Category Archives: Aim to Improve

Drive: The Surprising Truth About What Motivates Us

I read another book!

One day I’m going to have to come up with something to put in this “Aim to Improve” category other than the professional development books I read, but for now this is what I’ve got so it’s going to have to do.

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I Passed!

Ages ago I mentioned that I had enrolled in an online course to become a Certified Nutrition Course. And while I got through all of the course material sometime in early to mid November, I hit that weak point before I actually took my second certification exam and had been putting it off (despite its presence on my to-do list) for literally months.

But, on Saturday night I finally got around to taking that exam and… I passed! So I am now officially a Certified Nutrition Coach. 😀 I would add a picture of my certificate here, but I haven’t received it in the mail yet so you’re just going to have to take my word for it.

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Lent

I’m Jewish, so it’d be logical to wonder why I’m talking about Lent. The answer is that although I’m Jewish, boyfriend is Catholic, so I’ve agreed to give something up and also fast on Fridays with him for solidarity. All those years where I joked about giving up something like homework for Lent are now coming back to haunt me. 🙂

Last year for Lent I gave up apple juice, which actually turned out to be a great decision because at the time I really loved apple juice and replacing it with water saved me 600-800 calories a day, which I honestly believe was responsible for the majority of my first several pounds of weight loss. And I don’t think I’ve had apple juice at all since.

This year I’m giving up the snooze button.

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Seven Habits of Highly Effective People

So this book. This book has been recommended to me over and over again by professors, by the internet, by various other people in my life…. Because I’ve been in and out of airports so much, and therefore have had a lot of free time with limited options for how to fill it, I finally decided while I was on my first business trip in October to go ahead and buy the book. Despite extensive travel since then, it took me until my most recent business trip two weeks ago to actually finish it.

Now don’t get me wrong, this book is chalk full of excellent advice. And there were a lot of stories and examples that I found genuinely fascinating and really made me rethink my day-to-day interactions. But, despite interesting subject matter, it was not an easy read. The chapters were very long and although the content was valuable, I still felt it was a bit more verbose than needed. Regardless of my feelings, though, this book has been a best-seller for quite some time so obviously people like it and I’ve definitely been trying to work on incorporating some of the things it suggests.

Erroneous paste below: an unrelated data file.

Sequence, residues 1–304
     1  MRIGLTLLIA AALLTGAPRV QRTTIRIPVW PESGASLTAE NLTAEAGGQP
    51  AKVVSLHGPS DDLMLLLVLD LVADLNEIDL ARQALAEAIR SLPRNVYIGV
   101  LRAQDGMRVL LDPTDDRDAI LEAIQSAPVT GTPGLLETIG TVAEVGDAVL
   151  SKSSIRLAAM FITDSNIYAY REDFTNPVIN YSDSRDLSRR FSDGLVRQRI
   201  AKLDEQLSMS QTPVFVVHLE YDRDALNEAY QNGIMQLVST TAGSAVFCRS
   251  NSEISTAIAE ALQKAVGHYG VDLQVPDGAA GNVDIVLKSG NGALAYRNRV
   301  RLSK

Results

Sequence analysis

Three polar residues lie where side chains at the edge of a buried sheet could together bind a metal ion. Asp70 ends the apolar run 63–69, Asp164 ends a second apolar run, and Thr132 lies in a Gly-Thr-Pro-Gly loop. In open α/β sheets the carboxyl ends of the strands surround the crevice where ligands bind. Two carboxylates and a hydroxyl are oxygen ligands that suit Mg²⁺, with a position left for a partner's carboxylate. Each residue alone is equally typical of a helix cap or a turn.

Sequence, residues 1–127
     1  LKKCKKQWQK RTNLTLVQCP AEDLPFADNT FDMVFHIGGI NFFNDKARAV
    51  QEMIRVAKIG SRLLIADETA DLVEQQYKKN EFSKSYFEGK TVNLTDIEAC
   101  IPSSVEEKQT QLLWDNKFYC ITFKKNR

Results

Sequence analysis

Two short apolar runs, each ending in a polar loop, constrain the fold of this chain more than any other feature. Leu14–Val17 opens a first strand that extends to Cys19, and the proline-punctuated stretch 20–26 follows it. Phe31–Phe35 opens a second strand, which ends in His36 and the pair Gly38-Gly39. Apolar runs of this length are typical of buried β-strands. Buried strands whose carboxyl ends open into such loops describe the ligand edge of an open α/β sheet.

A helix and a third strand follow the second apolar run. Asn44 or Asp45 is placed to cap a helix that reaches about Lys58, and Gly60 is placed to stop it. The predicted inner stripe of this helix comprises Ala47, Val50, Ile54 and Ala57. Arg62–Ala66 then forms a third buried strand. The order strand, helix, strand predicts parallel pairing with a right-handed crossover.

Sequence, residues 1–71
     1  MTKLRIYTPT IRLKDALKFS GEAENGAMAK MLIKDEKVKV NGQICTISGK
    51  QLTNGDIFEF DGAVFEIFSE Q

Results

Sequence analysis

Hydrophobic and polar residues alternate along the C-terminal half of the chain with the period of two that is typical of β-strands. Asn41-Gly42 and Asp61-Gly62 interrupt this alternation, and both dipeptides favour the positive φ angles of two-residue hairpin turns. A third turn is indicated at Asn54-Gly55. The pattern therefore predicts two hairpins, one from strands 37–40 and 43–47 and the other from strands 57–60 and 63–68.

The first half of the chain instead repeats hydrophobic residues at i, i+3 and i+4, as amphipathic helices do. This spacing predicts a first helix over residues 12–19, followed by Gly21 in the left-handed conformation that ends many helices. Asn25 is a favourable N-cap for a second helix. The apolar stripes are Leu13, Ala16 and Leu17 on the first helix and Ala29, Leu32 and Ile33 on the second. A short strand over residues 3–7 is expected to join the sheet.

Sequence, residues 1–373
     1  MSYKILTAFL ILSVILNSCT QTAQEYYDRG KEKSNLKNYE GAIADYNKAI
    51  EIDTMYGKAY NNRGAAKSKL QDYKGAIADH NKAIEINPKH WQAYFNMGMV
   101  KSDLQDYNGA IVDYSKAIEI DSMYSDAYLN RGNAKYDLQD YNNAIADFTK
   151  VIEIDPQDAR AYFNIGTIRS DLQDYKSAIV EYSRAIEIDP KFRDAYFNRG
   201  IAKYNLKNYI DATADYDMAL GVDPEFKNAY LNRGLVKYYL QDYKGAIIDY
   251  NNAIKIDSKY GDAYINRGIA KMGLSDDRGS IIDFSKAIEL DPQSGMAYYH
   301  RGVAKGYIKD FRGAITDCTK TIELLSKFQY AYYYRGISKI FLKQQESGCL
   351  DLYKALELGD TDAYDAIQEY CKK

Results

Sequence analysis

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There’s a Tarantula in My Trunk (and Other Spider Miracles)

Last time I posted (which was way too long ago, I apologize), I wrote about how I’ve started doing exposure therapy to try to get my arachnophobia to a reasonable level. I’ve gone about five times now and there’s already been significant improvement. Because, you know, now I have a tarantula in my trunk. And another in my purse, cause why have only one spider when you’re deathly afraid of them, right?

But, before I get too far ahead of myself, let’s back up and start from the beginning.

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Exposure Therapy

I’m afraid of spiders. Like, really afraid of spiders. Like, arachnophobia is almost an understatement afraid of spiders.

I’ve been this afraid of spiders for as long as I can remember; for as long as my parents can remember, even. I’m not aware of ever having had some form of traumatic spider experience, nor can I really logically explain why I’m so afraid of them. It doesn’t matter if it’s big, small, alive, dead, across the room, on me, or even fake; if it’s a spider, I’m probably afraid of it.

So that brings me to an incident about two months ago where I woke up one morning to a spider on my bathroom door. It wasn’t huge, but it was big for me, and it took me about an hour of staring at it, trying to come up with solutions, and generally being too afraid to do anything useful before I ended up accidentally scaring it off the door, losing track of it somewhere in my bathroom, and then wasting another half hour or so trying to figure out what to do next before running to the store for spider poison and cautiously spraying it everywhere I thought it might have gone. All said and done this ordeal took up over two hours of my morning and ruined my work schedule for the week (fortunately I’m allowed to flex my time and was planning on coming in later that morning anyway).

That’s when I finally realized I needed to do something about it.

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